Mediation and immediacy: sensational forms, semiotic ideologies and the question of the medium
Article first published online: 25 JAN 2011
© 2011 European Association of Social Anthropologists.
Special Issue: What is a medium? Theologies, technologies and aspirations
Volume 19, Issue 1, pages 23–39, February 2011
How to Cite
Meyer, B. (2011), Mediation and immediacy: sensational forms, semiotic ideologies and the question of the medium. Social Anthropology, 19: 23–39. doi: 10.1111/j.1469-8676.2010.00137.x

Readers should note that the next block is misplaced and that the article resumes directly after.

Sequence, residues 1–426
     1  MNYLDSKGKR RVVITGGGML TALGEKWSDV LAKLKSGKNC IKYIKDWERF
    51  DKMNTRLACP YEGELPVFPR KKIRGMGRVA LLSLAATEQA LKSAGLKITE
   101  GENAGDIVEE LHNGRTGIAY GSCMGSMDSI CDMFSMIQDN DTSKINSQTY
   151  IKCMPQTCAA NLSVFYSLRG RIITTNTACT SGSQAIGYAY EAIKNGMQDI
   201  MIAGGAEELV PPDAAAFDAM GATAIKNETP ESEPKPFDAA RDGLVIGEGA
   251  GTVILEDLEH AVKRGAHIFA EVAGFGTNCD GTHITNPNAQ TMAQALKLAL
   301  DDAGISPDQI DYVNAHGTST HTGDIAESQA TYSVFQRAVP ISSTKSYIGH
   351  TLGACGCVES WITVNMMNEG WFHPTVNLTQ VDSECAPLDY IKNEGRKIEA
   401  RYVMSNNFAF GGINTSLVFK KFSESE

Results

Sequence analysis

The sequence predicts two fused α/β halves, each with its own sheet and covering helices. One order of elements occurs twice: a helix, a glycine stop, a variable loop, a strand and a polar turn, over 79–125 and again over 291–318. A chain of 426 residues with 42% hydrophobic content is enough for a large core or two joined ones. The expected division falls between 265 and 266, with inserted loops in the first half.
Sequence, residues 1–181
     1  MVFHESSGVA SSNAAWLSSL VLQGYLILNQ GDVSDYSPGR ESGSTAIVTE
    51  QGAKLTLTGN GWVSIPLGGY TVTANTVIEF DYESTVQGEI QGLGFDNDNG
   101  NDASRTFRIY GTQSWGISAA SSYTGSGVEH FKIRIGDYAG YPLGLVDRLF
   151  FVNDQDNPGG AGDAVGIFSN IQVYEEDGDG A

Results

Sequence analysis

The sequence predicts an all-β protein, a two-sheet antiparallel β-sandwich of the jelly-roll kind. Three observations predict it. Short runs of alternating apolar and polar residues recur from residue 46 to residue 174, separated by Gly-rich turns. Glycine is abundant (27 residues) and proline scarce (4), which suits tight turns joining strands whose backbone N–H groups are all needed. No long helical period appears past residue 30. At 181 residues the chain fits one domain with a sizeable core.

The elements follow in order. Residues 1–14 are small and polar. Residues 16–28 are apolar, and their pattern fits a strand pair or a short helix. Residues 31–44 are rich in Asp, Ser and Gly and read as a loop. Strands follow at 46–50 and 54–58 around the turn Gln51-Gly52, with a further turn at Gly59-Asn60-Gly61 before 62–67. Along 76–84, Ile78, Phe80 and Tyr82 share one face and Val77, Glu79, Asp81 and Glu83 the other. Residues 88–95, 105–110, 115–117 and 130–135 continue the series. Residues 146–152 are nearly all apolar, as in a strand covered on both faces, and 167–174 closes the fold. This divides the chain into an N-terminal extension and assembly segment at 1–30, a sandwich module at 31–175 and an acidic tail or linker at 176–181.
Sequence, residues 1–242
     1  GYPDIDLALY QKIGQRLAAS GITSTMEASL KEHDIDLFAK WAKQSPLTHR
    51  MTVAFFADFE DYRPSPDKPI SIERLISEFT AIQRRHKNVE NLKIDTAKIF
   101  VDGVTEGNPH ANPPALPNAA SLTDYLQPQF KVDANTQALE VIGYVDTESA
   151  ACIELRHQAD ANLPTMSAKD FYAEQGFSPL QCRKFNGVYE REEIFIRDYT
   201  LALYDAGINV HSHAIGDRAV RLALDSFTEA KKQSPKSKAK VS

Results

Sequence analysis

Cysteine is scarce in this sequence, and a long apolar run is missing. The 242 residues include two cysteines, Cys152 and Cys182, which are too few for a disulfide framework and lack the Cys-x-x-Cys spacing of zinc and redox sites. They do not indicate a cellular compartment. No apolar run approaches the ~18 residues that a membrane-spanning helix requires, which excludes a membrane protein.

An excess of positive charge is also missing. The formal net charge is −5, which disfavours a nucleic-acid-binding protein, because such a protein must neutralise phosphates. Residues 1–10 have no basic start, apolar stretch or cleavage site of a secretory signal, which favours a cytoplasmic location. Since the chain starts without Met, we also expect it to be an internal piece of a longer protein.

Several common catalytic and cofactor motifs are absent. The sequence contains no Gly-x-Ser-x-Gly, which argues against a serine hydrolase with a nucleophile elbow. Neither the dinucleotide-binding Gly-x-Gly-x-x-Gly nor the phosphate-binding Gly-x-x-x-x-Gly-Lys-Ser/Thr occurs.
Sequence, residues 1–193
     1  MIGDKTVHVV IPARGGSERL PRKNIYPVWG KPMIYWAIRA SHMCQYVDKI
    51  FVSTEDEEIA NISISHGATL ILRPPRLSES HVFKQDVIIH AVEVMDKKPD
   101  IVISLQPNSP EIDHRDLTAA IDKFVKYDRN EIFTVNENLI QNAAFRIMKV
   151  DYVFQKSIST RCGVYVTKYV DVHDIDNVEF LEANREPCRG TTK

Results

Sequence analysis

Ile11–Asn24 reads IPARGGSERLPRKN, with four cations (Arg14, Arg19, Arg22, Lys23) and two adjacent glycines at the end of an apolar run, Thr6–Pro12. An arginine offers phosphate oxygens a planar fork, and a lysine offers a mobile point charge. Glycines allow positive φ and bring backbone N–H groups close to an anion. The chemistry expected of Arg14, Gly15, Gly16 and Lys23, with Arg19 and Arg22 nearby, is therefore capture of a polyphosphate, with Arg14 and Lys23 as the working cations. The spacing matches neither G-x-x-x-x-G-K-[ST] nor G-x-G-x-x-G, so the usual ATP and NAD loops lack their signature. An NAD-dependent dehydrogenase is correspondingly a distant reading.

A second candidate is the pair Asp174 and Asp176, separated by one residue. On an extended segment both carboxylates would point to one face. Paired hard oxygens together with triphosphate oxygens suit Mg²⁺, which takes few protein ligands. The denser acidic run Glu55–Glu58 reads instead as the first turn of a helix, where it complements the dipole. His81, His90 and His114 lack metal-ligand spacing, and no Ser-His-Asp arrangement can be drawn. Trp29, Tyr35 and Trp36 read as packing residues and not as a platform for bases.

- Issue published online: 25 JAN 2011
- Article first published online: 25 JAN 2011
Taking as a starting point the paradox that immediacy is not prior to, but rather a product of mediation, this article argues that the negotiation of newly available media technologies is key to the transformation of religion. Invoked to authorise sensations of spiritual powers as immediate and real, media are prone to ‘disappear’ or become ‘hyper-apparent’ in the act of mediation. I argue that a view of media as intrinsic to religion requires a fundamental critique of approaches of both religion and media that posit an opposition between media and immediacy.